This is meant to be a story about a woman coming to terms with grief and learning to find her feet in a world she knows nothing about. It's also a love story but the ending might surprise readers who probably, like me, will be surprised at the outcome. I certainly didn't see it coming. I thought it was a good story and couldn't be classed as a romance although it's in that genre. I thought it more like chick-lit for the older age group, though the characters are mainly mid-thirties to early forties.
For me it was a nice change to my normal reading and quite a classy book with some lovely imagery as well as some nicely developed characters. It's not a book that will keep you up to finish it, but it has a charm of it's own that will sneak up on you, as it did on me.
Mine was a library book; I'm not buying much at the moment so near to Xmas. Think this would make a nice gift for a mum or even a gran, I felt it suited my age group better than normal chick-lit. Amazon sell it for £5.59 new and £4.49 for a Kindle book. As usual it can be bought used from 1p plus postage.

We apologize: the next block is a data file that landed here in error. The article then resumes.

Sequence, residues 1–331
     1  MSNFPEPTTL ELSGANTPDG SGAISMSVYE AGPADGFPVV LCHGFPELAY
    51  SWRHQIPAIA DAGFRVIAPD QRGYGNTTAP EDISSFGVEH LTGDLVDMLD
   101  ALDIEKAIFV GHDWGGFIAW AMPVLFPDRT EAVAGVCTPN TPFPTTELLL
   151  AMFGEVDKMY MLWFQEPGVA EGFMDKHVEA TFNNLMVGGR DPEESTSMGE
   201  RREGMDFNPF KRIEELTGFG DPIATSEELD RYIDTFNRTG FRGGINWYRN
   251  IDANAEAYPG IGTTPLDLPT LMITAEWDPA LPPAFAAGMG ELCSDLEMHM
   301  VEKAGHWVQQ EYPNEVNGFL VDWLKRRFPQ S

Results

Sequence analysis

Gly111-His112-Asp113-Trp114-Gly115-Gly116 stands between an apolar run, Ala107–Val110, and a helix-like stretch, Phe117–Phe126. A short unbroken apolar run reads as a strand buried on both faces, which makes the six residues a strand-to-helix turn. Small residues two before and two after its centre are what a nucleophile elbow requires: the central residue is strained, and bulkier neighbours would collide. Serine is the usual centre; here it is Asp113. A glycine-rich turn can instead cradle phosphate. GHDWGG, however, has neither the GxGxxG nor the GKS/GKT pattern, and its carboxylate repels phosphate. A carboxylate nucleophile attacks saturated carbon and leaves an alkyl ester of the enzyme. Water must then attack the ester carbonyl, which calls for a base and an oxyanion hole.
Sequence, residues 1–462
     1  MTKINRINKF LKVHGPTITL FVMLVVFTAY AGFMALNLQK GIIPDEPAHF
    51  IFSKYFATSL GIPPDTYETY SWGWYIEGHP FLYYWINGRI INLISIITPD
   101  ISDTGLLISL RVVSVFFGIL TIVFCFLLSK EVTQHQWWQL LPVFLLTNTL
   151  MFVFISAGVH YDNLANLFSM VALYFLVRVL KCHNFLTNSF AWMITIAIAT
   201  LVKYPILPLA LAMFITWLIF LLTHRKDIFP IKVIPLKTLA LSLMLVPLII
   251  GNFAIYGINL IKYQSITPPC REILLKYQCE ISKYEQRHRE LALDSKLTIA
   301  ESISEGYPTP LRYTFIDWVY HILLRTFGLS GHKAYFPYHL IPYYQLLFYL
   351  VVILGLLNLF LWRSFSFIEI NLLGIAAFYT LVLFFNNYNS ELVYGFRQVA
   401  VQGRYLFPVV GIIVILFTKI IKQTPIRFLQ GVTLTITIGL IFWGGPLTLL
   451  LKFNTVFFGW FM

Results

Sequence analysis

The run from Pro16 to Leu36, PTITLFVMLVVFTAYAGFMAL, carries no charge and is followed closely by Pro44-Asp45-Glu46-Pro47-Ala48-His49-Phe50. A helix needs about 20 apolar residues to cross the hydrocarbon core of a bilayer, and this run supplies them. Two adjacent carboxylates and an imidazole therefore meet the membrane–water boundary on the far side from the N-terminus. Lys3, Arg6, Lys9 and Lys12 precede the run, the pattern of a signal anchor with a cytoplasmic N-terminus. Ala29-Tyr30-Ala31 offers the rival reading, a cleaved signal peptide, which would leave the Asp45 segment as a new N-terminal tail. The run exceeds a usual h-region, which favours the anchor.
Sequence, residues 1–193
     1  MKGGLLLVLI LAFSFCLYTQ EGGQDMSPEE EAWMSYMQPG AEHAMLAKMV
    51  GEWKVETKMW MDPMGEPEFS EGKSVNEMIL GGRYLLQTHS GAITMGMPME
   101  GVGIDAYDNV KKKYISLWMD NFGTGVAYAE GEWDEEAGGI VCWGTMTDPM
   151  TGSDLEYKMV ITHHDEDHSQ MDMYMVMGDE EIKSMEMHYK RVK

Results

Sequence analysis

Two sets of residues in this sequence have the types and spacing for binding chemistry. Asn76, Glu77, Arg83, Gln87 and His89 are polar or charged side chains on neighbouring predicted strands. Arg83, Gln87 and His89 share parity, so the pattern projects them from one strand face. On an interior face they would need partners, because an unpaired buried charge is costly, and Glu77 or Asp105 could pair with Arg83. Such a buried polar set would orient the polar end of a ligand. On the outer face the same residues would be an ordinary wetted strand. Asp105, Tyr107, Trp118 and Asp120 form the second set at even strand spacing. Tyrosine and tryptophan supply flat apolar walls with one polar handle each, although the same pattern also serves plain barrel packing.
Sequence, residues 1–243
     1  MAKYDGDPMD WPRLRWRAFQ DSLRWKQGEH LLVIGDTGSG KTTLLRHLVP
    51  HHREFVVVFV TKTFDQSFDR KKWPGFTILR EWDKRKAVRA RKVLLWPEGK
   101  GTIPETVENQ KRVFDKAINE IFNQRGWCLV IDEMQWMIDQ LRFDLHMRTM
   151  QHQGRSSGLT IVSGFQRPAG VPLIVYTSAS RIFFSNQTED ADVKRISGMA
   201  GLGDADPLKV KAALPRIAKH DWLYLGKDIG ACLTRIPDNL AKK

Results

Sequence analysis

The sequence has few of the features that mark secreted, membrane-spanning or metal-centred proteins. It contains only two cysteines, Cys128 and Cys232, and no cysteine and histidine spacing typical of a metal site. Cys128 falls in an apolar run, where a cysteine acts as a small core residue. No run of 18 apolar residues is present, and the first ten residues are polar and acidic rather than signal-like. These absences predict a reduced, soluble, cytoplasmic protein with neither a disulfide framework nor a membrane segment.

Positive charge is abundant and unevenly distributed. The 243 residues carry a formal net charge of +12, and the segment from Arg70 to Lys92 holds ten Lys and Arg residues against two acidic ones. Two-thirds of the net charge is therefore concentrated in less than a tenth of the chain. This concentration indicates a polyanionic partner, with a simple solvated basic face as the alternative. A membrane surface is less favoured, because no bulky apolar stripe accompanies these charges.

Thanks for reading.
©Lisa Fuller. 2011.
Isabel Delancy is a gifted violinist. Although married with children she has pursued her career with little thought to her husband at home and her two children under the care of a nanny. Suddenly, following the tragic death of her husband her life is changed for ever and she has to start living a different life from the one she envisaged.
I was looking forward to reading this book as it sounded an entertaining enough light read. I read a variety of genre and although this may be classed as a typical Aga-saga I didn't really have any pre-conceptions about the content.
The riches to rags theme has been written in so many books that I feel it has to be something special now for it to work. It seemed so predictable from when we first met Isabel that she was going to be a virtually penniless widow, penniless that is except for her beloved violin which was worth a six-figure sum. The teenage daughter had to take control of the family's situation whilst her hapless mother offered no support and who seemed incapable of the simplest of tasks as she had led such a cosseted life.
The family moved to the country and there the author introduced another set of unbelievable characters. Byron, the mis-understood, obviously rather hunky but private game-keeper/handyman. Matt, the selfish, appearance-obsessed local builder and Casanova. Henry and Asad, the two "cousins" who owned the local shop who happened to be gay as well as from an ethnic minority and Laura, Matt's long-suffering wife.